In contrast, just 2 percent of the entire Antarctic grounding line significantly advanced during the study period.
Warm water invasion
The new study can’t speak to the exact mechanisms behind the glaciers’ behavior. But scientists increasingly attribute much of the observed grounding line retreat—particularly in West Antarctica—to the influence of warmer ocean water seeping beneath the ice shelves and lapping against the bases of glaciers, melting the ice from the bottom up.
“Our study does reinforce what we know about the ocean being able to have a strong impact on ice dynamics in Antarctica,” Konrad said.
The influence of climate change on this warm water invasion is an ongoing research focus among climate scientists and is still not completely understood. Global warming is also contributing to the rising ocean temperatures on the whole, but “the warming of the ocean alone is not sufficient to explain what we see,” said Eric Rignot, a glacier expert at the University of California, Irvine, in an emailed comment on the new study.
Ongoing changes in ocean circulation patterns, which are helping to drive warm water from other parts of the sea closer to the Antarctic continent, are also believed to be a major factor. Climate change is indeed expected to influence certain major ocean currents, in part by affecting the winds and other atmospheric patterns that help to drive the movement of the seas. But exactly how those processes will play out in the future remains a subject of ongoing study.
For now, the new research does help confirm “the fact the Southern Ocean is a major influence on the evolution of Antarctica,” Rignot noted, even if the exact mechanisms driving that influence are still not well understood.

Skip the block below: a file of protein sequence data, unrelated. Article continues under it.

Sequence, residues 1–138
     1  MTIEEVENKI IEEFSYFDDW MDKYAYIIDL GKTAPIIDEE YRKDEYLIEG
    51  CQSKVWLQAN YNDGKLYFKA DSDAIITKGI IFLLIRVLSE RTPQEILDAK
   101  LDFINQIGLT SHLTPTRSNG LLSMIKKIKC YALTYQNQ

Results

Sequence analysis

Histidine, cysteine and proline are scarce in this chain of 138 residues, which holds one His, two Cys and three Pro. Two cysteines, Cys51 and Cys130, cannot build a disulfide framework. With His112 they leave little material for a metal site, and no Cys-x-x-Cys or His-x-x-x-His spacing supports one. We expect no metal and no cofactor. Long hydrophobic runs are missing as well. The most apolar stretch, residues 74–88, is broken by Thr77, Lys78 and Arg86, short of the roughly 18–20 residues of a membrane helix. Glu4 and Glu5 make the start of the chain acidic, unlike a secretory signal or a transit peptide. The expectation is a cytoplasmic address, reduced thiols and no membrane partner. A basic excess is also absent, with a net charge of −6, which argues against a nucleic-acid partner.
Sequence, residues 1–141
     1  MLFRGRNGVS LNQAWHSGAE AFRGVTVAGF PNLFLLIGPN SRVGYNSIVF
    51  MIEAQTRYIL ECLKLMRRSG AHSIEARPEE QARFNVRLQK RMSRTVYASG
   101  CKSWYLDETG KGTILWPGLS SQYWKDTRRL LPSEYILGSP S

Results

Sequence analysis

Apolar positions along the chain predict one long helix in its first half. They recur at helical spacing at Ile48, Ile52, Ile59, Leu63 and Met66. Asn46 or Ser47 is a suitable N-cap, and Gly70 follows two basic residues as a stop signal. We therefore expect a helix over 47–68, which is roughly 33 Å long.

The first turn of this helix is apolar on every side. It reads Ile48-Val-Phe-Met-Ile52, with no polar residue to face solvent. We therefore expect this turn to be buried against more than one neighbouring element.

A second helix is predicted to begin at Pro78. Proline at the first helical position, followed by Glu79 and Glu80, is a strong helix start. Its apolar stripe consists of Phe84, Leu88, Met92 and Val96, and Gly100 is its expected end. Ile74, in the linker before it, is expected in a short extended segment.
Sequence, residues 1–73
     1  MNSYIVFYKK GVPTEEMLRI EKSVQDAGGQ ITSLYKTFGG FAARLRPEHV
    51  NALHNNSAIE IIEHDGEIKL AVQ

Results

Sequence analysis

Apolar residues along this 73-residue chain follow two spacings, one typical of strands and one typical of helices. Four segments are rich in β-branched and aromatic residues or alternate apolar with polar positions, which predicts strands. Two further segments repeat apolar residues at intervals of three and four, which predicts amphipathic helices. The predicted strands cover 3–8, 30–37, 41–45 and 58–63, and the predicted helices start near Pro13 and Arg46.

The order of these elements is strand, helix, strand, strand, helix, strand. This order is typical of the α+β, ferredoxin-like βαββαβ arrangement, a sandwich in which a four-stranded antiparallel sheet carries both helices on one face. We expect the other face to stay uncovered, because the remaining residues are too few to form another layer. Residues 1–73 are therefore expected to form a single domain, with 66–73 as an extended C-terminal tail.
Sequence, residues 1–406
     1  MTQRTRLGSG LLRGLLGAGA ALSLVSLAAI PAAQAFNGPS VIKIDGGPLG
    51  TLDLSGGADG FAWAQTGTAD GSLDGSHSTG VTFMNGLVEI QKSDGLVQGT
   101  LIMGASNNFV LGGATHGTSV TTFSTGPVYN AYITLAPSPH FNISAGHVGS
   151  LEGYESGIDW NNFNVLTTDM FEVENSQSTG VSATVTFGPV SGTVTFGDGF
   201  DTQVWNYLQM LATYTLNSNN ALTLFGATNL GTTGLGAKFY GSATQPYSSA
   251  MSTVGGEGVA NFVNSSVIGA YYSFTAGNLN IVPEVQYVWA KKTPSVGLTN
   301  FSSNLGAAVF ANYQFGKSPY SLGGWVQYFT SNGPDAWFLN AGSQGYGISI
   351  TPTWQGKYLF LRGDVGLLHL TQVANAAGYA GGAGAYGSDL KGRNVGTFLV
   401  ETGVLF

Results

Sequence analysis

For now, the findings can’t tell scientists exactly how much sea-level rise is corresponding with the observed changes, although a net retreat of the grounding line suggests that there’s more reason for worry than not. Still, Konrad notes, the study only spans a seven-year period, and some of the trends that it says are occurring now could change in the future.
At Pine Island Glacier, for instance—one of West Antarctica’s largest glaciers, and previously one of its fastest retreating spots—the research suggests that the grounding line has recently stabilized. That’s after a decadelong period, between 1992 and 2011, when the glacier was migrating inland at a clip of about 3,200 feet per year.
Retreat at Thwaites Glacier, on the other hand—another of West Antarctica’s monster glaciers, and currently the subject of greatest concern among Antarctic ice experts—has slightly increased in the last few years, from about 1,100 feet to nearly 1,400 feet per year. The news comes as U.S. and U.K. scientists are in the process of teaming up for an ambitious joint research mission focusing on the processes shaping Thwaites and its potential contributions to sea-level rise.
Both Pine Island and Thwaites—along with the dozens of other glacier basins included in the new study—will benefit from continued monitoring to determine whether the trends observed now hold true in the future.
“I think it might actually be worth building a continuous platform for monitoring grounding line retreat rates based on our approach,” Konrad said. “I think continuous monitoring would make a lot of sense.”
Reprinted from Climatewire with permission from E&E News. E&E provides daily coverage of essential energy and environmental news at www.eenews.net.